Midtown Manhattan between 5th and 7th Avenues and between about 14th Street and 42nd Street is home to hundreds of mural ads on the tall buildings that were built between 1915 and 1935. Most of them advertise long-dead clothing manufacturers and distributors although there are scattered ads for restaurants and newspapers in there as well.
A. S. Beck, which used to sell shoes, I think, can still be seen on 34th Street between 6th and 7th Avenues.
Suzy Perrette/Lombardy Dresses, on 36th Street just west of 7th Avenue.
Crown Coat Fronts, on Union Square East near 17th Street
Rogers Peet clothiers. A couple of these remain on 42nd Steeet east of 5th Avenue.
Doehler Metal Furniture, East 32nd near Park Avenue
This ad, on 38th Street near 7th Avenue, most likely advertises the Automat that was on 6th Avenue near 36th Street. A metal sign left over from that Automat was still on 6th until very recently.
I’m told that Horn & Hardart is experimenting with a new Automat in the Philadelphia area.
Though this one has already vanished, it remained on West 41st Street near the bus depot for decades.
Hey, are we gonna need war bonds again?
Now-defunct Franklin Simon department store ad, West 34th Street near 6th Avenue
Barclay’s smokes, 8th Avenue and West 51st Street
Van Houten’s Cocoa, briefly visible in Kips Bay
Seeley Shoulder Shapes, 41st Street between 7th and 8th Avenues; since a victim of progress
Kaufman Management, Karl Lee, and a new ad for retail.com. Hey, now they’re using nude women to sell clothing. Whatta concept!
By the way, the nude model didn’t attract enough customers. Retail.com went the way of many dotcoms.
Globe Electrotype Co.
West 38th between 7th and 8th
Midtown west, in the upper thirties, was and is a hotbed for printers and typesetters. 45th Street on the east side is another.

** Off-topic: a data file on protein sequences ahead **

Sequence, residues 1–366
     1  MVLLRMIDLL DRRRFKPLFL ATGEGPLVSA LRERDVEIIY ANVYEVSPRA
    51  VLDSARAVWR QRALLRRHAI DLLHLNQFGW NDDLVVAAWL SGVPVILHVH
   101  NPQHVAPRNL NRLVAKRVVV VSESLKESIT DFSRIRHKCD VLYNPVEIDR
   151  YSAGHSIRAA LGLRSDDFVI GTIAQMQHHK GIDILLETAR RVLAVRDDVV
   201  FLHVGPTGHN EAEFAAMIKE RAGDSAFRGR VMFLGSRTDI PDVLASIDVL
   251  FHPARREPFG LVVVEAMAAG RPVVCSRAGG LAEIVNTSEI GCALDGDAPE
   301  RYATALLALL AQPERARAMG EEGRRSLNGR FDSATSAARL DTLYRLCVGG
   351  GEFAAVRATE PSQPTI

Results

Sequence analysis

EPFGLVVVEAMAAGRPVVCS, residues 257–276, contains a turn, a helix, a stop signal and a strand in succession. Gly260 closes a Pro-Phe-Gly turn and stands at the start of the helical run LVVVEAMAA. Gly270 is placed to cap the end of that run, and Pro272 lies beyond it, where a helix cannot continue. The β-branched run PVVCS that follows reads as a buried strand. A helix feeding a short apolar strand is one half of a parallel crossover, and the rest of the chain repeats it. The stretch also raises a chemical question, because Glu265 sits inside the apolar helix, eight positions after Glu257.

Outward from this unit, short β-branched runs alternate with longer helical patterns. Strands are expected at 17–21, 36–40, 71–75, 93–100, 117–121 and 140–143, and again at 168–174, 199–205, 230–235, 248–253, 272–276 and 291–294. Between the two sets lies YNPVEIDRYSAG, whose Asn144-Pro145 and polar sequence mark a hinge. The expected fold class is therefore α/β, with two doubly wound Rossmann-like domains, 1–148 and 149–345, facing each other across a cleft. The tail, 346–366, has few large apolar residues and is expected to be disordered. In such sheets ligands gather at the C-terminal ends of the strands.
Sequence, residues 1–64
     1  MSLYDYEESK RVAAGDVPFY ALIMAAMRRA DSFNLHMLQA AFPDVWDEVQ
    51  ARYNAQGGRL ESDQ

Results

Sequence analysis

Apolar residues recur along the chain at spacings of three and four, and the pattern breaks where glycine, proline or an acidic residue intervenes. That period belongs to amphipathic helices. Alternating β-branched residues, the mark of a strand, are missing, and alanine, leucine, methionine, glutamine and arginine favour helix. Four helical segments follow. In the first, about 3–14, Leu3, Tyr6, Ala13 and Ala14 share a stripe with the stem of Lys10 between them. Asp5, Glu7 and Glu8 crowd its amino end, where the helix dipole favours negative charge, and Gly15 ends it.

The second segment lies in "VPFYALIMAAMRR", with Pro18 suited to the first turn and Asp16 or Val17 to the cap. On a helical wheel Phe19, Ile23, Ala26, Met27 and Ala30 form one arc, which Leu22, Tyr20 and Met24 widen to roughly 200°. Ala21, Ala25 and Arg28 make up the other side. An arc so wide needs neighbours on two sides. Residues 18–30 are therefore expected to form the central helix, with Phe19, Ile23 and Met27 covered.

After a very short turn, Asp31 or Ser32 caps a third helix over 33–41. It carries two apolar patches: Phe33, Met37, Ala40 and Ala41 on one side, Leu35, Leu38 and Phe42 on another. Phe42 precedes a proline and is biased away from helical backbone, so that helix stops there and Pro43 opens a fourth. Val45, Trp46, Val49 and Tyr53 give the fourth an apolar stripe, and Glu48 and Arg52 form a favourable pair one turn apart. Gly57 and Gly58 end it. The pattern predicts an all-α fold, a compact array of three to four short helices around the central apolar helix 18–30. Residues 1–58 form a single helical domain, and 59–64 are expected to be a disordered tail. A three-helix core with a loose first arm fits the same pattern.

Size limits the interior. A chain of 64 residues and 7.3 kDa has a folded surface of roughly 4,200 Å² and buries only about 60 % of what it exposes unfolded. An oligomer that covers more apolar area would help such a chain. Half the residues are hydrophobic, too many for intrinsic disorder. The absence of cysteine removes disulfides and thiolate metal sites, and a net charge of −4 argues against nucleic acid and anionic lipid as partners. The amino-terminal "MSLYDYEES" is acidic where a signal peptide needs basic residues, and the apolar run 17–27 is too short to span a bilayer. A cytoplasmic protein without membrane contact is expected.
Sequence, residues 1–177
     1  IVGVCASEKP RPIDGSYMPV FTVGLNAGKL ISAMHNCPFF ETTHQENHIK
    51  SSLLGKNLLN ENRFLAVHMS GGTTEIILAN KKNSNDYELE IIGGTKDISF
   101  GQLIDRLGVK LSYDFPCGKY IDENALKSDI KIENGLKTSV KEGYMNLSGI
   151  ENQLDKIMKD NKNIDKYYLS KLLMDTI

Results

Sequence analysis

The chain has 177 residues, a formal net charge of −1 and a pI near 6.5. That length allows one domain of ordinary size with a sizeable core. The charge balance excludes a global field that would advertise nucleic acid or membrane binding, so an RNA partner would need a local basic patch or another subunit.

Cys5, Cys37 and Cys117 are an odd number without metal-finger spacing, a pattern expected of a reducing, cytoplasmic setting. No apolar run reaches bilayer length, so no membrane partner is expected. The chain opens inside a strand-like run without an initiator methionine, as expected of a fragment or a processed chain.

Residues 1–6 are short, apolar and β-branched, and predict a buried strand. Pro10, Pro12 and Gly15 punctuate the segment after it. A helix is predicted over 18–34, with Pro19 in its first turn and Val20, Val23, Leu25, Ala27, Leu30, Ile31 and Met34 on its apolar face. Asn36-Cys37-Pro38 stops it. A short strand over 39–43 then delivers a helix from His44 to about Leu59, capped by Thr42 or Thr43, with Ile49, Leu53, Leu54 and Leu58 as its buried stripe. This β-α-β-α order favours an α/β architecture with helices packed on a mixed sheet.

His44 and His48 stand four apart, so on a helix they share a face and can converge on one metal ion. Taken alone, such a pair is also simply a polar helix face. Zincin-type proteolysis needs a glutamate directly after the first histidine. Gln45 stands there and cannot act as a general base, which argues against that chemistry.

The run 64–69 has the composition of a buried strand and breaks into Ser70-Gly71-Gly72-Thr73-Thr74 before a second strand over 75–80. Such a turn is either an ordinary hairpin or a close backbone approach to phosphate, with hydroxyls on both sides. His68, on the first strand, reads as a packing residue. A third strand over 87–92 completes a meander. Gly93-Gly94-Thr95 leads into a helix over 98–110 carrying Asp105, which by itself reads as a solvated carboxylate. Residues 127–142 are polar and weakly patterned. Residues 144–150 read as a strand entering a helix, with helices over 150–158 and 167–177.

41st Street west of 7th
Forgotten Fan E.O. Costello:
–This was a morning newspaper, the principal quality broadsheet rival to the New York Times, which was formed when the New York Herald (James Gordon Bennet’s old paper) merged with the New York Tribune (Horace Greeley’s old paper) ca. 1925-6. The paper survived under various owners until the early 1960s, when the great newspaper strike of ca. 1962 crippled the paper. It merged with the afternoon World-Telegram & Sun and the afternoon Journal-American to form the World Journal Tribune in 1967, which closed in 1968.
This one’s pretty ancient. It was uncovered by a recent demolition on 43rd Street east of 7th.
The top of the ad is mostly gone, but the bottom claims it’s an “Eating Place Of Exceptional Merit.”
Wexler’s Jewelers toiled in the shadow of Macy’s decades ago on 34th Street near 7th Avenue.
Wall murals with ads are very common in this part of Manhattan. Businesses would plaster their names all over walls that faced open spaces so people would be sure to see them
Most of them are clothing ads: Silberstein Skirt Co.; Pritchard & Collins Silk Petticoats; ??? Dresses; ??? Coats & Suits. The Palace Restaurant and Showroom(?) has an ad on the bottom.
This building near Park Avenue is covered with ads for handbags including Coblentz, Alan, Ma’mselles and Magid.
This is a palimpsest of two separate ads, the more recent of which is Leonard’s Bedroom Furniture. The windows were obviously inserted after the ad had been there a while.
It’s easy to miss this Bond Button Co. ad on West 38th Street if you’re not looking for it. They sold buckles too.
Now this one’s a few decades old at they very least. Hard to make it out but it says:
Entrance 860 Broadway
The style of lettering makes it very early 20th century, if not the late 19th.
18th Street near Broadway
Another Steinhardt ad can be seen on Broadway near 18th.
One of the final vestiges of Bickford’s, the restaurant chain that boasted hundreds of locations in the Northeast, especially New York City, remains above a porno palace on 8th Avenue near 34th Street in Midtown.
Illfelder Toys, East 23rd near Park Ave South. The logo next to it was Manufacturers Hanover Trust, now Chase.
Over Seas Shipping ad, 10th Avenue near West 30th Street
5th Avenue and 48th Street, old Scribners bookstore
For more information on these ads see Walter Grutchfield’s 14to42.net